Sometimes included in Liliaceae.
Habit and leaf form. Herbs (with erect aerial stems); evergreen, or deciduous. Perennial (annual leaves and flowers). Leaves basal. Plants with a basal concentration of leaves, or with neither basal nor terminal concentrations of leaves; rhizomatous, or tuberous. Self supporting, or climbing. Mesophytic, or xerophytic. Leaves alternate (rosette, often withered at flowering); spiral, or distichous; ‘herbaceous’, or leathery, or membranous; sessile; sheathing. Leaf sheaths not tubular; with free margins. Leaves edgewise to the stem, or with ‘normal’ orientation; simple. Leaf blades entire; flat; linear, or lanceolate, or oblong, or ovate (grass-like, may be broad, more or less fleshy above the sheath; apex hooded or obtuse); linear (to filiform); parallel-veined; without cross-venules; sheathing, scarious, sheath fibres more or less persistent. Leaves ligulate, or eligulate; without stipules. Leaf blade margins entire (papillose or ciliate). Leaf anatomy. Hairs absent. Extra-floral nectaries absent. Stem anatomy. Secondary thickening absent.
Reproductive type, pollination. Fertile flowers hermaphrodite. Unisexual flowers absent. Plants hermaphrodite. Floral nectaries present. Nectar secretion from the gynoecium (from septal nectaries).
Inflorescence and flower features. Flowers aggregated in ‘inflorescences’; in corymbs, or in panicles (thyrsoid or conical). The terminal inflorescence unit cymose, or racemose (simple or compound). Inflorescences scapiflorous; terminal; inflorescence 1-many flowered; scape leafless; corymb dichotomous; with involucral bracts, or without involucral bracts; pseudanthial, or not pseudanthial. Flowers pedicellate (bracteate, spreading, less than or equal to flower length); bracteate (1 per pedicel, inconspicuous, scarious); ebracteolate; small, or medium-sized; regular; 3 merous; cyclic; pentacyclic, or tetracyclic. Perigone tube absent. Perianth with distinct calyx and corolla (the whorls rather different), or of ‘tepals’; 6; 2 -whorled (3+3); isomerous; free; petaloid; similar in the two whorls, or different in the two whorls; white, or pink, or blue. Calyx (if the outer whorl so interpreted) 3; 1 -whorled; regular. Corolla (if the inner whorl so interpreted) 3; 1 -whorled; regular. Corolla members sometimes fringed, or . Androecial members definite in number. Androecium 6. Androecial members free of the perianth, or adnate (to the perianth); all equal; free of one another; 1 -whorled, or 2 -whorled. Androecium exclusively of fertile stamens, or including staminodes. Staminodes when present, 3. Stamens 6; all more or less similar in shape; isomerous with the perianth, or diplostemonous; hypogynous; alterniperianthial, or oppositiperianthial. Anthers basifixed (almost); versatile; dehiscing via longitudinal slits; introrse; tetrasporangiate. Gynoecium 3 carpelled. The pistil 3 celled. Carpels isomerous with the perianth. Gynoecium syncarpous; synstylovarious, or eu-syncarpous; superior. Ovary plurilocular; 3 locular; sessile. Gynoecium stylate. Styles 1; apical (or nearly so). Stigmas 1; 2–3 - lobed; capitate. Placentation axile. Ovules 4–18 per locule; arillate, or non-arillate; campylotropous (generally), or anatropous.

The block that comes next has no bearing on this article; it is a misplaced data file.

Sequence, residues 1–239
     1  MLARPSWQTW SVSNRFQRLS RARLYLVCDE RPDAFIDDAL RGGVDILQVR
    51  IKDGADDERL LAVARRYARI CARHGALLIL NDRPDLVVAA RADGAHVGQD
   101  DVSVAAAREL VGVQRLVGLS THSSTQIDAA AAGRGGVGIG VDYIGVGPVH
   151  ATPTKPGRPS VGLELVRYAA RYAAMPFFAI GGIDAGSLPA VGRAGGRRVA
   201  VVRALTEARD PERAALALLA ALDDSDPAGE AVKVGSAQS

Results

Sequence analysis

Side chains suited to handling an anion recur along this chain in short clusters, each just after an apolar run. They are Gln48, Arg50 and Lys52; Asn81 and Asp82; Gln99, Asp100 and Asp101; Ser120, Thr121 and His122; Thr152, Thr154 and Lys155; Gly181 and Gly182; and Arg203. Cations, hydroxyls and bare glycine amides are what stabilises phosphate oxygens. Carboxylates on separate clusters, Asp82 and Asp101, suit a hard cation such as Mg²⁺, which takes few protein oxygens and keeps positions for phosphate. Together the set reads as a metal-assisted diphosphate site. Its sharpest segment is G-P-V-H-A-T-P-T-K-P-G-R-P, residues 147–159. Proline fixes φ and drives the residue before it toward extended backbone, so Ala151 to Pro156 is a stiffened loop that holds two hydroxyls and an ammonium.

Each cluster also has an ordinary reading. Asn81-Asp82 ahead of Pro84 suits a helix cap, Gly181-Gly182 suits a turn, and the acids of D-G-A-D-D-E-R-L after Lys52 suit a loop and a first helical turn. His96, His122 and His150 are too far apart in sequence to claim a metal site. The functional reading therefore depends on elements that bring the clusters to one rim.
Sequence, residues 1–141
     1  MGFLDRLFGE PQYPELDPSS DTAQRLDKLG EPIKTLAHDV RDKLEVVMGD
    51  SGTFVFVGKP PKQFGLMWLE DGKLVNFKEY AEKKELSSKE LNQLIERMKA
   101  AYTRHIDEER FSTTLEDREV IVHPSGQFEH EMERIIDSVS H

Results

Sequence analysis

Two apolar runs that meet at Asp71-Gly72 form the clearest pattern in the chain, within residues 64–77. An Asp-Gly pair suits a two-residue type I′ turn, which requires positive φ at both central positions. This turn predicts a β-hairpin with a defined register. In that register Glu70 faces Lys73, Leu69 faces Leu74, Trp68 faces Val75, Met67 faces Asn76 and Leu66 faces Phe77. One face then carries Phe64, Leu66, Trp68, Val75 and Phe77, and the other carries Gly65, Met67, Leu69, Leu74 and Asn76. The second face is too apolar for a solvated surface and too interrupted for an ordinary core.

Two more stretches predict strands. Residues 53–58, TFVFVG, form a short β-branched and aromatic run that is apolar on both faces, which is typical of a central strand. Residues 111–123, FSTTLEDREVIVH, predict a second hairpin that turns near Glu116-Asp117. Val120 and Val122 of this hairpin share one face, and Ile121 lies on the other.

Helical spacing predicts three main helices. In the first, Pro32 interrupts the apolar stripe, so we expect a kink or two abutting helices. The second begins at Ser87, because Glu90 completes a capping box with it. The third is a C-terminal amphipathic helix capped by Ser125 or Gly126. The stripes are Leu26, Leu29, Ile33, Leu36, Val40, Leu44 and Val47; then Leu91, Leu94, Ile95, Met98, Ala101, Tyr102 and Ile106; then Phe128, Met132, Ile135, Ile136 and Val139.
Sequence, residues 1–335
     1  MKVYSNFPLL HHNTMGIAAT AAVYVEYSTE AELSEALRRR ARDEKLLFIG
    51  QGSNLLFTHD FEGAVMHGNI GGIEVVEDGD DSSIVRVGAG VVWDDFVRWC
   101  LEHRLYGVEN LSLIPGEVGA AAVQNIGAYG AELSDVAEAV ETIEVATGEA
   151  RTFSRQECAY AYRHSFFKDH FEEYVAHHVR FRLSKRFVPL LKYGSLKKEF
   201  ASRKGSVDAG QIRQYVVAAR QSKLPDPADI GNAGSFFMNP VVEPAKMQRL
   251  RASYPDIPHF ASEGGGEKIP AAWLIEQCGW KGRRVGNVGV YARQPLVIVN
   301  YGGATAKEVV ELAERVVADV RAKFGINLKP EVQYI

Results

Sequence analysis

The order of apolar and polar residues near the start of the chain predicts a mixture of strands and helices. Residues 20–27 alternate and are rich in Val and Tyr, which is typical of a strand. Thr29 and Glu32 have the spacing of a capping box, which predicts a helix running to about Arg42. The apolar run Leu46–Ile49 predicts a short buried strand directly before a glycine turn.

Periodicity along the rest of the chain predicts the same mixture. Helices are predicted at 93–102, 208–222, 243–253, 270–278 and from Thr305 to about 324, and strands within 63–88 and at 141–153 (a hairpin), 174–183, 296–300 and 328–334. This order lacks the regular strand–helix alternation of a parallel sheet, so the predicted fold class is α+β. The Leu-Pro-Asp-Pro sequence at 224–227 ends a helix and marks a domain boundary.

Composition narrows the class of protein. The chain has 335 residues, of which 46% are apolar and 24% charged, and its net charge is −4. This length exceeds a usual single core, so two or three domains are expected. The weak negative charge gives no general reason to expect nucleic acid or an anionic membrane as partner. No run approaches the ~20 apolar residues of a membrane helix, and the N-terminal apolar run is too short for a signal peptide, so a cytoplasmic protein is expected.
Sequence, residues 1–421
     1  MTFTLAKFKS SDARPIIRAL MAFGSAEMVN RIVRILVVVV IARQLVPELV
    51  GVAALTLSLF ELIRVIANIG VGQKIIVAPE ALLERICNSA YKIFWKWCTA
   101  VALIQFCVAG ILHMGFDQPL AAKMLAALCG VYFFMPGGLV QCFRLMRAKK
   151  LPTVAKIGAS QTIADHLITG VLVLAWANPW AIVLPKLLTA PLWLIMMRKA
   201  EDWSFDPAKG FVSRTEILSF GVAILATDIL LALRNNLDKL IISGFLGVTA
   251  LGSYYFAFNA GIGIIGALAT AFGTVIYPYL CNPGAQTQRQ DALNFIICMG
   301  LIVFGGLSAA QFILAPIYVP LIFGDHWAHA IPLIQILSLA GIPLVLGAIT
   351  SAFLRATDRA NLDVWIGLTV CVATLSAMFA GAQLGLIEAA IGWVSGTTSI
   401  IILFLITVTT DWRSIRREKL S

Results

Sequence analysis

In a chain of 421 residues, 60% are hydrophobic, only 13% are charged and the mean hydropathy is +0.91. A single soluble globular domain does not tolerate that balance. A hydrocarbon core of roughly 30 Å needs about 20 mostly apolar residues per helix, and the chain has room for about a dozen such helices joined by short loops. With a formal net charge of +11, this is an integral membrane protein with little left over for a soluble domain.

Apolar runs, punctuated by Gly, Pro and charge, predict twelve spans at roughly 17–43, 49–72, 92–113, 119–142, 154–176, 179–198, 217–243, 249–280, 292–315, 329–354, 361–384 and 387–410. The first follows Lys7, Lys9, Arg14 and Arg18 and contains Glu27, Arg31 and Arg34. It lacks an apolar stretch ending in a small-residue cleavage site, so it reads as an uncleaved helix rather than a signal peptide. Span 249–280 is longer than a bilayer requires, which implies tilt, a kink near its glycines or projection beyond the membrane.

Fruit and seed features. Fruit non-fleshy (membranous); dehiscent; usually a capsule. Capsules loculicidal. Fruit 3 celled; few per locule. Seeds endospermic. Cotyledons 1. Embryo straight to curved.
Wheeler, Judy; Marchant, Neville; Lewington, Margaret; Graham, Lorraine (2002). Flora of the south west, Bunbury, Augusta, Denmark. Volume 1, introduction, keys, ferns to monocotyledons. Australian Biological Resources Study. Canberra.
Keighery, G. J. (2001). A new species of Chamaescilla (Anthericaceae) from Western Australia [electronic resource].
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